The net revenue from sponsorship in 1995 was approximately 14 million NOK, which is 0,56 per cent of the total revenue. The Parliament has fixed an upper limit of one per cent, and demands an overview of such income.

In the white paper on broadcasting and daily press in 1995, the Ministry also points out the demand for programmes produced in Norway in TV 2. The Ministry states it is positive that 54 per cent of the programmes last year were produced in Norway.

The Ministry is satisfied that both NRK and TV 2 have taken the initiative to co-operate to avoid competition which will forces costs to rise. This is particularly relevant in the technical field, and for sports.


New concessions for local TV 

The Ministry of Culture has made a final ruling on the complaints for the granting of concessions for land based local TV. This makes it clear who will have the concession for local TV over the next seven years.

The deadline to apply for concessions was 1 October last year. There were 76 applications for 30 areas of concession. The applications have been handled by a separate concession council appointed by the Ministry of Culture. The council have presented a unanimous recommendation to the public media board, who formally grant the concessions. The professional and economic conditions for running of local TV and the applicants plans for a broad programme offering has been the basis for the treatment of applications.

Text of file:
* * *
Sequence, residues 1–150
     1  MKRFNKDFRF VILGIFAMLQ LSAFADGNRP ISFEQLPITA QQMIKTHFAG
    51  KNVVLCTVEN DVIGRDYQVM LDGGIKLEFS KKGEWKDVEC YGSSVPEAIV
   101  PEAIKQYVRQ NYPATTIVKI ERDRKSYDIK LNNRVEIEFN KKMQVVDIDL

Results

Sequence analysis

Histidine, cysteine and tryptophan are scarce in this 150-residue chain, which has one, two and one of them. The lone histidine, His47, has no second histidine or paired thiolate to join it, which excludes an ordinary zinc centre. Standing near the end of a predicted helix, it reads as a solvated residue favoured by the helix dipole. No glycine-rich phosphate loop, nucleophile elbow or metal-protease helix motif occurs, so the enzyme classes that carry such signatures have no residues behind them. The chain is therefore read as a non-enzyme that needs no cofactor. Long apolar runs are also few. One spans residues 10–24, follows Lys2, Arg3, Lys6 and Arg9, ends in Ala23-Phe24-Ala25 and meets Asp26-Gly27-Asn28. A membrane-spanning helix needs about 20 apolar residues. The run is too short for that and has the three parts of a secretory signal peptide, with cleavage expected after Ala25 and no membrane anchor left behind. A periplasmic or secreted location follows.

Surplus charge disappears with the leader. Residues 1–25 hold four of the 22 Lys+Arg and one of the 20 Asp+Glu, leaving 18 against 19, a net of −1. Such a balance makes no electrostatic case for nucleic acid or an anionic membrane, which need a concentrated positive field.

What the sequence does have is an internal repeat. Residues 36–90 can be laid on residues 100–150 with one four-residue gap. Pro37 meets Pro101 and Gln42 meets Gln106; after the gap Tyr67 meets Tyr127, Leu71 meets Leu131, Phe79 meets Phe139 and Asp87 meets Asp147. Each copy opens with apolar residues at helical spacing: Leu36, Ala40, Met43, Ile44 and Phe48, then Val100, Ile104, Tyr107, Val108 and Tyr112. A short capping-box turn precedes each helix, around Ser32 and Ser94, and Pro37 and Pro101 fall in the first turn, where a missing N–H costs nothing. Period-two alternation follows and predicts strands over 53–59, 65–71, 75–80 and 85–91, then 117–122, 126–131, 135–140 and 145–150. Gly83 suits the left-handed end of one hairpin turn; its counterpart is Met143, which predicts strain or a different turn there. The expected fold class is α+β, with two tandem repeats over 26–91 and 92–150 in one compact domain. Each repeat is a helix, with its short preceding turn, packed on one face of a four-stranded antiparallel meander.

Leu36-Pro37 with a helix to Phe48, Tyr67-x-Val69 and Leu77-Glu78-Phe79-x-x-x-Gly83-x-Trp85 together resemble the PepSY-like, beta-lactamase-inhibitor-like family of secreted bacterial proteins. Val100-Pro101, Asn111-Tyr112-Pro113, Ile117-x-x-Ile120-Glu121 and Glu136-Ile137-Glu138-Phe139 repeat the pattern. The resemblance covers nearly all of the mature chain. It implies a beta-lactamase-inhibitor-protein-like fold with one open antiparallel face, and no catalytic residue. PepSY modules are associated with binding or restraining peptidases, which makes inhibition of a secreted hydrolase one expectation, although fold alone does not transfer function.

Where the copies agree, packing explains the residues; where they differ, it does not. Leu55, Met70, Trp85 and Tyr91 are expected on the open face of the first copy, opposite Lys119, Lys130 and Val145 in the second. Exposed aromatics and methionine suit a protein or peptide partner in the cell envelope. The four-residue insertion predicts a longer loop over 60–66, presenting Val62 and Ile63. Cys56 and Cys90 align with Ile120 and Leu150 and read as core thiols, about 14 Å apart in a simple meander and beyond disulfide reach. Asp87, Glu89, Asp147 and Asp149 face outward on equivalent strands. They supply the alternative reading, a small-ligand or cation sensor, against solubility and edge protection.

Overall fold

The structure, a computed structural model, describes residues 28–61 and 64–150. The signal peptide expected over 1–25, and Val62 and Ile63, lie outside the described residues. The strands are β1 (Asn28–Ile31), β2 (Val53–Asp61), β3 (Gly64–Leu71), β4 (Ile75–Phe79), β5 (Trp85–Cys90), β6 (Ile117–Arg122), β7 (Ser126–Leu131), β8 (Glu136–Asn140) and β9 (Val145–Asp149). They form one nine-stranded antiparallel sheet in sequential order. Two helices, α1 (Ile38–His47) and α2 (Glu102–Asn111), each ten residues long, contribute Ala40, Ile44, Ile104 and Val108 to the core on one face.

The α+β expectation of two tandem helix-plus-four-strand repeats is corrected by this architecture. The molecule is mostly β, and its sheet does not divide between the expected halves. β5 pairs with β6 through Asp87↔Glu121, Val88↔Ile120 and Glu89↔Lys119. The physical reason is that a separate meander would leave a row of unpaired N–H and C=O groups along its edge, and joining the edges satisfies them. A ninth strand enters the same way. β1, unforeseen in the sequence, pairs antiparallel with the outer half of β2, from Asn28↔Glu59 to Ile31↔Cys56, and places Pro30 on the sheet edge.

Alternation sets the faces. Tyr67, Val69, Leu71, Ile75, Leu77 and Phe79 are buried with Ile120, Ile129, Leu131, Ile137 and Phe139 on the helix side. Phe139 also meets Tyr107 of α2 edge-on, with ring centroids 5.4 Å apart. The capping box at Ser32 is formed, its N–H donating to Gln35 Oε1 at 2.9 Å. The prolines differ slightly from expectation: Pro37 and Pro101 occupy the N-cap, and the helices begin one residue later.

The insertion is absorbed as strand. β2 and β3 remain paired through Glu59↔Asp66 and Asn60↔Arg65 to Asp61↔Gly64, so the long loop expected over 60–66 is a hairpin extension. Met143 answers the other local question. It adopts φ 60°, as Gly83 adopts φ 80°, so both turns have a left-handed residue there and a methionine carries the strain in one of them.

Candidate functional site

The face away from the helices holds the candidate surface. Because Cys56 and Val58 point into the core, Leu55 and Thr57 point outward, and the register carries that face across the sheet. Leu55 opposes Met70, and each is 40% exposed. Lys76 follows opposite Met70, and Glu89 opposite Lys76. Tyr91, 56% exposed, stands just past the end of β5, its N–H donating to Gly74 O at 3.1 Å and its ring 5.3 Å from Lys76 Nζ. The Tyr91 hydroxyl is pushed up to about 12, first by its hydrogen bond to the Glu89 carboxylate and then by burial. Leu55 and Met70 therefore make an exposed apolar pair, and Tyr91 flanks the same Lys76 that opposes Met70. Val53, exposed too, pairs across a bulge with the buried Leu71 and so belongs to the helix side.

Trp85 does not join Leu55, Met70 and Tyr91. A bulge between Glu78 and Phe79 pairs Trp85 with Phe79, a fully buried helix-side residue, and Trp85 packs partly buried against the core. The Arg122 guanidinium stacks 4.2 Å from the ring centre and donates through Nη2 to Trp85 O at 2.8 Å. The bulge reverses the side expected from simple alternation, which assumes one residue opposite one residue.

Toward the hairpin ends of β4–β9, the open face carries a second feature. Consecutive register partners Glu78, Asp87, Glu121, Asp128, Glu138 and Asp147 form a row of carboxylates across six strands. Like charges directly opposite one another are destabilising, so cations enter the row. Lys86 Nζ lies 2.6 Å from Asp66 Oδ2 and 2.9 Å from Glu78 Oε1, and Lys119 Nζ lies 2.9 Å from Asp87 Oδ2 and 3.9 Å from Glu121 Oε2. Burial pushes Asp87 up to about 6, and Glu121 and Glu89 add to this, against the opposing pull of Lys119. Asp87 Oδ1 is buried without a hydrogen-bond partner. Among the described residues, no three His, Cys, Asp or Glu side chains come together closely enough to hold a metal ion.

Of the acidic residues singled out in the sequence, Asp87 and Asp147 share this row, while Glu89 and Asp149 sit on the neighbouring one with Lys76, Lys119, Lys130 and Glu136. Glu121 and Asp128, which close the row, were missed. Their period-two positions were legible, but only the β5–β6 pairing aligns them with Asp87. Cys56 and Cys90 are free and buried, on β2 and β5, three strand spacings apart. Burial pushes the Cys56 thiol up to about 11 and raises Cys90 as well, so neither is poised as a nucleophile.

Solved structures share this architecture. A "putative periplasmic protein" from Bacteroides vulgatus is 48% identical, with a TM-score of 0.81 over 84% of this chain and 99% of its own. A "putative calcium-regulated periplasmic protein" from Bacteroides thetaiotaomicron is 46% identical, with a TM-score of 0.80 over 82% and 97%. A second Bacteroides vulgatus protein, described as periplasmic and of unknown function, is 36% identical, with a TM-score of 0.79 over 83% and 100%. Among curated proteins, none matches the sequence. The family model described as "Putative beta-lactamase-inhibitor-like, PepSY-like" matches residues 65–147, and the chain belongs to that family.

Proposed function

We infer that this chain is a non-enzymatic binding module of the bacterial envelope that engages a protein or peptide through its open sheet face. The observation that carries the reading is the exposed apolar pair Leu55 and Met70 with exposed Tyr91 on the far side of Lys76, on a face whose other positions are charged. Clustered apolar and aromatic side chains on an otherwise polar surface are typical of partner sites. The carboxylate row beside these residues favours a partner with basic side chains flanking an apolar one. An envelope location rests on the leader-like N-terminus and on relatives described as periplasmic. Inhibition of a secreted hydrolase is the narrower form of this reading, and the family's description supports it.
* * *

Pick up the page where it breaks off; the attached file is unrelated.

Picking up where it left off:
A concession for a land based general purpose TV channel in each concession area has been granted. All the 30 concession holders have one or more local owners. In 19 of the areas, one or more newspapers are partial owners.

The 1/3 rule
According to the local broadcasting regulations, no single company may own more than 1/3 of the total national market for local TV. The largest single actor is Norsk Lokal-TV AS, which has a total market share of 30 per cent. The future of the company is somewhat uncertain, however. Norsk Lokal-TV is owned by Orkla, Aller, Telenor and A-pressen (the association of social democratic newspapers), each holding 25 per cent. A-pressen will also become one of the major actors, with a total market share of 23 per cent. If the ownership in Norsk Lokal-TV is counted, A-pressen has an ownership of 28 per cent of the market.

Co-operation with NRK
With the new system for granting local TV concession, only one concession for ether transmitted local TV for each area is granted. In consequence, a number of previous concession holders, including religious groups and volunteer organisations, no longer have concession for local TV.

During the handling of the white paper St.meld nr. 13 (1995-96) Local TV, the Parliament wanted such organisations and local TV concession holders to be able to co-operate with NRK by using the local NRK2 land transmitters while they were available. The set-up will at first cover NRK land transmitters in Oslo and Bergen. The period of concession is three years. The transmission must not contain advertising and must take place at times when NRK does not use the transmitters themselves. The application deadline for concessions for such transmissions was 21 October. 26 applications have been received.


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New film consultants